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 Tragedy in Connecticutt

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Carol

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PostSubject: Tragedy in Connecticutt   Sat Dec 15, 2012 1:57 am

A crazed person armed with 3 assault weapons today killed 20 small children in a grade school in Connecticut along with 6 of their teachers and his mother who was a kindergarten teacher at the school.

An obvious response is to once again reproach our leaders in America for giving in to political winds and permitting the sale of such weapons anywhere in this country. In a way, this response is comforting because it affords us someone or some thing or some political shortcoming to blame for the tragedy.

But to me, the most disturbing and perhaps most authentic response is the realization that I cannot comprehend any reason or rationale or spiritual justification or God or anything else that can explain or make sense of such a horrifying act or that could bring comfort to the parents of the dead children.
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Nicky



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PostSubject: Re: Tragedy in Connecticutt   Sat Dec 15, 2012 3:38 am

Carol , i agree , love Nicky .
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http://www.Nickyloutit.co.uk
chisanmichaelhughes

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PostSubject: Re: Tragedy in Connecticutt   Sat Dec 15, 2012 4:17 am

Your words bring comfort Carol
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mokuan



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Location : West Linn, Oregon

PostSubject: Re: Tragedy in Connecticutt   Sun Dec 16, 2012 5:56 pm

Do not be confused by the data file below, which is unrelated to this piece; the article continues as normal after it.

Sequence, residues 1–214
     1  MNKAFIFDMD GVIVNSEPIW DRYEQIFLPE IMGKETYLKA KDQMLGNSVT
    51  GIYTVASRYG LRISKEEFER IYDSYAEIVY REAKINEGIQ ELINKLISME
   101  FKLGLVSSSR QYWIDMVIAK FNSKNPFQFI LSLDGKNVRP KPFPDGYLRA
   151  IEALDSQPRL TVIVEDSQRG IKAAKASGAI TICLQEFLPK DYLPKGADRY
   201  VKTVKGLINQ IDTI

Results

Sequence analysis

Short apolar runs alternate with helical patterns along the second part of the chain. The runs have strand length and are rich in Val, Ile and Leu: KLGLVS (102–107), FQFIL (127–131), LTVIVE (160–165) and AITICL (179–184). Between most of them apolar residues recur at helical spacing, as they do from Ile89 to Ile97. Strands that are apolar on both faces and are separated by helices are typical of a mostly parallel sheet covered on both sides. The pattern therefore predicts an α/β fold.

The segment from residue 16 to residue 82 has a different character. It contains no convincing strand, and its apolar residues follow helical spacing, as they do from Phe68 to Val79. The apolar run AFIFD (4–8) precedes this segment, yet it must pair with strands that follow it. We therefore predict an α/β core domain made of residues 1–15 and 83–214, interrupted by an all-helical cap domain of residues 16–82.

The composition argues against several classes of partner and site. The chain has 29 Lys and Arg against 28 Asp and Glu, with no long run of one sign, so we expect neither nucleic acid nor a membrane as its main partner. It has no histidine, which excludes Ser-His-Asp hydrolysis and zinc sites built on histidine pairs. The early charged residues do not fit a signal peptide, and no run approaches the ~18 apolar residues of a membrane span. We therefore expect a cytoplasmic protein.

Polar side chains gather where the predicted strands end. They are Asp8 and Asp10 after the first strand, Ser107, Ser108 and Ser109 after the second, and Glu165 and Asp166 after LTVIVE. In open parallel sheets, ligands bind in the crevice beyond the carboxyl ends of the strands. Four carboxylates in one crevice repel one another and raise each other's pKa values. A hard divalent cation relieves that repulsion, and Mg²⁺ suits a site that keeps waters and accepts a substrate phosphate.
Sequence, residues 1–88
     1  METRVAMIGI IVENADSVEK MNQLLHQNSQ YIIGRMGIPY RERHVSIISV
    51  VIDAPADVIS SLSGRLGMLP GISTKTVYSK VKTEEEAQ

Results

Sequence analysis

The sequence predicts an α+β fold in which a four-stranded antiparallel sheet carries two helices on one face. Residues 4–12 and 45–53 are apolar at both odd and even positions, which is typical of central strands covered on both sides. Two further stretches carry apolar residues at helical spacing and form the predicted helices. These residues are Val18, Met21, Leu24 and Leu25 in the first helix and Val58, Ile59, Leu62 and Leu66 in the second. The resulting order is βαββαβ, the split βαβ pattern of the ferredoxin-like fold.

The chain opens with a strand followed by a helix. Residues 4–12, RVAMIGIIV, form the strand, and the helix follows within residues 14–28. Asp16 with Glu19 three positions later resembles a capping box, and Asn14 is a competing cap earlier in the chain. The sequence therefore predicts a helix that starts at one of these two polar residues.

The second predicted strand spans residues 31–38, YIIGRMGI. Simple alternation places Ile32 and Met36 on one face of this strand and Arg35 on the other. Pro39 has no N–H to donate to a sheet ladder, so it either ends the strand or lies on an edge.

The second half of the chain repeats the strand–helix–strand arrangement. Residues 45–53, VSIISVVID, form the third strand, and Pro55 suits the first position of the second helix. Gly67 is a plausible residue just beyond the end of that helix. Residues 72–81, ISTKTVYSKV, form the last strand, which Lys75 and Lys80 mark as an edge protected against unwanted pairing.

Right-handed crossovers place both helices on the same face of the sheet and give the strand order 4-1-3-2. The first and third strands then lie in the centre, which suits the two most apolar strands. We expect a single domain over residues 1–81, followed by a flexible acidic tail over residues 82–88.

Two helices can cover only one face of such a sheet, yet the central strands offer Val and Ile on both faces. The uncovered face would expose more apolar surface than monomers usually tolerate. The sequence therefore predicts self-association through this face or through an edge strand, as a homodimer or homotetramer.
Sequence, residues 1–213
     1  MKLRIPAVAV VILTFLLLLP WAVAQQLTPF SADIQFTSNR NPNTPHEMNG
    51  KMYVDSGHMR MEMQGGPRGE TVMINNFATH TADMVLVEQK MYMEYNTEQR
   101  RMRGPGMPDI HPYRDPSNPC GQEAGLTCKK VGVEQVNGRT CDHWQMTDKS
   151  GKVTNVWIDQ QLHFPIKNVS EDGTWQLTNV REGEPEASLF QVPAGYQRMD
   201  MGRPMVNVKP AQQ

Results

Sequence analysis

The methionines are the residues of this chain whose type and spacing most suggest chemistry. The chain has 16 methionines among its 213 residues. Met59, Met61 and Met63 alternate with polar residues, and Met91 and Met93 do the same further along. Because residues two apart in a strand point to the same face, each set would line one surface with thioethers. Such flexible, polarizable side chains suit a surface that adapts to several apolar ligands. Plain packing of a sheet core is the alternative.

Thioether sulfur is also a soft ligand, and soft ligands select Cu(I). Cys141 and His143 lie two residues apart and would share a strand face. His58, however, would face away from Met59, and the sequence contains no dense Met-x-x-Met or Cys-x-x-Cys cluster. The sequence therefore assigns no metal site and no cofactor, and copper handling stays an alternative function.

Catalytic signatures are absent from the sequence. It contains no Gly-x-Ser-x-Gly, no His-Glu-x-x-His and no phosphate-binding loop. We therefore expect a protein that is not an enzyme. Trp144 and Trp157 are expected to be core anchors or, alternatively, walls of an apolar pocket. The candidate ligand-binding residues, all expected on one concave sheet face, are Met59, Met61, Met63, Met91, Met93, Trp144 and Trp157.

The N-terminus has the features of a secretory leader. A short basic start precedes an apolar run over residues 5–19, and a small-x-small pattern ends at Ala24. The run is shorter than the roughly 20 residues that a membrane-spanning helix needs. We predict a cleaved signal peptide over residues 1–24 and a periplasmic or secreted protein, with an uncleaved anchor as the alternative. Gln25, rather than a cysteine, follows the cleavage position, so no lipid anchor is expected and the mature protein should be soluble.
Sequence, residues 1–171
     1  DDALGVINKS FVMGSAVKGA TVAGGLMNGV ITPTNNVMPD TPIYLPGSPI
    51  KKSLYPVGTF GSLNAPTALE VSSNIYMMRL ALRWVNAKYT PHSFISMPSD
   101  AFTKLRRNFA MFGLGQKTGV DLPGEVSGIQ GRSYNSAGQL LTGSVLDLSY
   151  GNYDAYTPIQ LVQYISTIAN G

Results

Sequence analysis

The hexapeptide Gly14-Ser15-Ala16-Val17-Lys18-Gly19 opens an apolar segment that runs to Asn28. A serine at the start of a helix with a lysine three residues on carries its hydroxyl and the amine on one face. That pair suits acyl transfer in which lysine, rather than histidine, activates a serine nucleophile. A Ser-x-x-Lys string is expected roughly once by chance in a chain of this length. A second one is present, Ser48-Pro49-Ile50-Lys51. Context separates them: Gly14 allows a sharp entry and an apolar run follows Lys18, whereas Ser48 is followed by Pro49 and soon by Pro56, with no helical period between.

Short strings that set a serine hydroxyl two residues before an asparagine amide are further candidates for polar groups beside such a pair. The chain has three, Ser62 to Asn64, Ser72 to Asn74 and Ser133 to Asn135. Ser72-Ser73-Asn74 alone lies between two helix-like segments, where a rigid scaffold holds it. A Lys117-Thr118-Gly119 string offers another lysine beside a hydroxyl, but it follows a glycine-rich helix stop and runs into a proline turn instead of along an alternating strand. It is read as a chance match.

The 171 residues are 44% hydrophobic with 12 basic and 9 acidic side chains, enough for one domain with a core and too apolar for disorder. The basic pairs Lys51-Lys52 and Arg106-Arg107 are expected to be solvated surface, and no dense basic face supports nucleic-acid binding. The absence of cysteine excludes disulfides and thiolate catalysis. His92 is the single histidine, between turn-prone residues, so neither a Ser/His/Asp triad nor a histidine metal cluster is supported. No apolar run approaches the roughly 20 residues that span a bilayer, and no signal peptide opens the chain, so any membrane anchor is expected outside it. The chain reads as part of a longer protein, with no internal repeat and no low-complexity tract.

It's all so shocking.

Yesterday, I went to see Aida. My friends and I bought tickets a couple of weeks ago. It wasn't a live performance here, but a matinee performance at the Met in NY City streamed into a local theater.

One would think this is nothing unusual, except the theater was at the Clackamas Town Center, and the Food Court where I was waiting for my friends to arrive is the same food court where last Monday a gunman fired into the crowd killing two people and injuring a third before killing himself.

As I sat and waited, it seemed surreal. What am I doing here? Shouldn't this be treated as hallow ground, at least for a little while? I watched the reactions of the other people, too. Some were obviously nervous about being there, some seemed aloof, some teenagers were looking around to see if there were any signs remaining of the rampage.

My friends who had the tickets were running late. I stayed still. For me that seemed to be the most comforting reaction to this place. But it was brought to the fore how many different reactions people can have to the same situation, and I wondered if we can really be astonished if someone doesn't behave the same way we do? (I see that here on the OBCC, too.)

And now kindergarteners...my heart bleeds.
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chisanmichaelhughes

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PostSubject: Re: Tragedy in Connecticutt   Sun Dec 16, 2012 6:17 pm

What a touching post Mokuan.

If I may add despite the fact that we left Shasta Abbey or the OBC we actually never left our hearts, a temple can actually only teach us limited things,maybe how to act in a limited way in limited surroundings.

However our hearts are vast and our meditation unlimited,everyday we face a new life not yesterdays life one can not be taught today,one has to live it how do we see it how do we live it,I believe all life is sacred,all places are hallow ground.

You acted with grace and dignity,in the middle of lifes difficulties I would like to do that
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Isan